The Best Protein Sources for Vegetarians
Here are some healthy options for your fridge, freezer and pantry.
Meat's often cited as the easiest way to get protein, but if you're a vegetarian or even a flexitarian, you have plenty of great options for protein sources. "I prefer whole-food or minimally processed sources of vegetarian protein over meat substitutes," says Kaleigh McMordie, MCN, RDN, a dietitian in Lubbock, TX. "They generally have less sodium and can be much more affordable."
These five protein-rich foods for vegetarians are all whole or minimally processed foods. Plus, they're all delicious!
"These are so versatile and a wonderful pantry staple," says Tawnie Kroll, RDN, a dietitian in Fresno, CA. "One of my favorite beans is black beans. They're a great choice for a nonmeat source of iron, which is key to sustaining high energy and strong immunity." Per 3/4 cup of cooked black beans, you'll score 11 grams of protein, per the USDA National Nutrient Database. Add black beans to a Black Bean and Corn Salad, a Black Bean Burger or Black Bean Lasagna.
"These are an excellent protein and nutrition source for vegetarians," says McMordie. A large egg offers 6 grams of high-quality protein, per the USDA Nutrient Database. You also get the nutrient choline, which may benefit brain health, as well as the eye-helping carotenoids lutein and zeaxanthin. "Eggs are very affordable and so versatile," says McMordie. "They're an easy way to add protein to salads, stir-fries, grain bowls and baked goods." Incorporate eggs into Mini Italian Frittatas, Protein French Toast or a New York-Style Chopped Salad.
3. Cottage cheese
Love dairy? Good, because cottage cheese is a winner when it comes to vegetarian protein. "Cottage cheese is an excellent source of protein for vegetarians, with 28 grams of complete protein per cup," says McMordie. "It also contains B vitamins and calcium, which may be harder for vegetarians to get from their diets than meat eaters. I love eating cottage cheese as a snack with fruit, but it's also great for adding to smoothies and blending into pancake batter for a protein boost." Enjoy this vegetarian protein source in a Cottage-Cheese Tzatziki Mezze Plate, a Cottage Cheese Parfait or Zucchini Lasagna.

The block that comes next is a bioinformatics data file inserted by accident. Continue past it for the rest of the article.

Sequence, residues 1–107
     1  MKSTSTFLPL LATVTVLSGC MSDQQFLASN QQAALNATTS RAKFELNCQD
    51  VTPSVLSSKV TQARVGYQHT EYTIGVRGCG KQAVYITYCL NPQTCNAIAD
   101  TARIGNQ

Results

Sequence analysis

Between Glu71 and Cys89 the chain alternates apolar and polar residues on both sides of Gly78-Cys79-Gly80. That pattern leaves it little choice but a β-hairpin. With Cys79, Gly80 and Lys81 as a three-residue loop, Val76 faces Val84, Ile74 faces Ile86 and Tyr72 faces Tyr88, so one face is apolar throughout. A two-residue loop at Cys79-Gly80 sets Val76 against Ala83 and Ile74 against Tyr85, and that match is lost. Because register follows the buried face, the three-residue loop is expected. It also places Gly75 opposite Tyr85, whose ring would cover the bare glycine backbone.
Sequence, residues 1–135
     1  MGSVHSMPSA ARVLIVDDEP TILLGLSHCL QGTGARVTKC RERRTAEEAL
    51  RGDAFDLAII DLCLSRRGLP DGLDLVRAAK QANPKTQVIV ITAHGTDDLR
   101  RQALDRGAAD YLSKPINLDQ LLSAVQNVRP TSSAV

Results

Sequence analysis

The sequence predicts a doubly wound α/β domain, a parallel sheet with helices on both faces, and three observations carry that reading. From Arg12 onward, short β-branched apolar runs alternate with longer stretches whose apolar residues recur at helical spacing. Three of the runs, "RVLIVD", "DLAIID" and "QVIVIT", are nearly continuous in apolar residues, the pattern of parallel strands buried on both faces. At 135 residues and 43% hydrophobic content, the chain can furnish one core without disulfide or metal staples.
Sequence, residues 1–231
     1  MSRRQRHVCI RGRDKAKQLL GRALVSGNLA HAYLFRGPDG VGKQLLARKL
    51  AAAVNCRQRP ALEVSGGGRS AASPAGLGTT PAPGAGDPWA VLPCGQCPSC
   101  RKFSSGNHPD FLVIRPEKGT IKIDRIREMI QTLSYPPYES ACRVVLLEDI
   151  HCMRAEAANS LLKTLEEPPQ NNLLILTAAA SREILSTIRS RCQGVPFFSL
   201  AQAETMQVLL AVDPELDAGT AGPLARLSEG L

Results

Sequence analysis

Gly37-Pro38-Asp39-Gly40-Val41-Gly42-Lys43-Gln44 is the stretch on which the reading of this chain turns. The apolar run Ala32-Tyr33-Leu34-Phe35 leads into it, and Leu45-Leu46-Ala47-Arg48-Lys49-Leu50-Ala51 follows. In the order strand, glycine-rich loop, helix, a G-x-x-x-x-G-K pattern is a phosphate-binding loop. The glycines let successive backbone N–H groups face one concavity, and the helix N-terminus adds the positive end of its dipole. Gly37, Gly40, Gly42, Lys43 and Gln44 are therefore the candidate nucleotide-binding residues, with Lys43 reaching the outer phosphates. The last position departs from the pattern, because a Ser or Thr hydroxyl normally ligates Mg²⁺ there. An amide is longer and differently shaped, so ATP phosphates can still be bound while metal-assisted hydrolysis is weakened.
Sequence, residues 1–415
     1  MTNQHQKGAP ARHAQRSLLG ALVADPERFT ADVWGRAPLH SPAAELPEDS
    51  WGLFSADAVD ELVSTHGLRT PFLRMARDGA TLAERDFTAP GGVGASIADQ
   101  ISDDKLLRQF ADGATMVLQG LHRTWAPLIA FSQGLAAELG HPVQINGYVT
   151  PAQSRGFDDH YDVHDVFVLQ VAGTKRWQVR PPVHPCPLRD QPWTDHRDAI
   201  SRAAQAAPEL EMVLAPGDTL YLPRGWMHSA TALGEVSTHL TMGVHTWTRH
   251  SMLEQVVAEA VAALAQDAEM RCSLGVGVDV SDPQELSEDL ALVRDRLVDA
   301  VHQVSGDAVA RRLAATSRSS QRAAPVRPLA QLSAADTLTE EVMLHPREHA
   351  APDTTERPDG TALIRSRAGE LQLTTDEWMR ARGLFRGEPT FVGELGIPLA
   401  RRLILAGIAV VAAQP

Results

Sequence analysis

This complete vegetarian protein provides all nine essential amino acids, with 8 grams of protein per cup of the cooked grain, according to the USDA National Nutrient Database. "I often recommend quinoa to people," says Kroll. " It provides fiber, iron and phosphorus — and is easy to prepare. It cooks in just 20 minutes on the stovetop!" Whip up Herbed Quinoa, Quinoa and Vegetable Stuffed Peppers or a Citrus Salad Recipe.
"Green peas are a surprisingly good source of protein," notes McMordie. Indeed, a cup of peas provides 8 grams of protein, per the USDA National Nutrient Database. You also get an equal amount of fiber, plus plenty of vitamins and minerals. The bonus? "Peas are so easy to cook with!" says McMordie. "Since they're readily available frozen, you can throw them into soups, salads and pasta at a moment's notice. You can also mash them up with avocado and spread onto toast." Add green peas to Green Pea Soup, Peas with Dates and Walnuts or Pasta, Pesto and Peas.
Amy Gorin, MS, RDN, is a registered dietitian nutritionist and owner of Amy Gorin Nutrition in the New York City area. She's a regular contributor to many publications, including EverydayHealth.com, ReadersDigest.com, NBCNews.com, and more. She also pens a recipe-focused blog, Amy's Eat List, where she shares easy, healthy recipes. Connect with her on Instagram, Facebook, Twitter and Pinterest.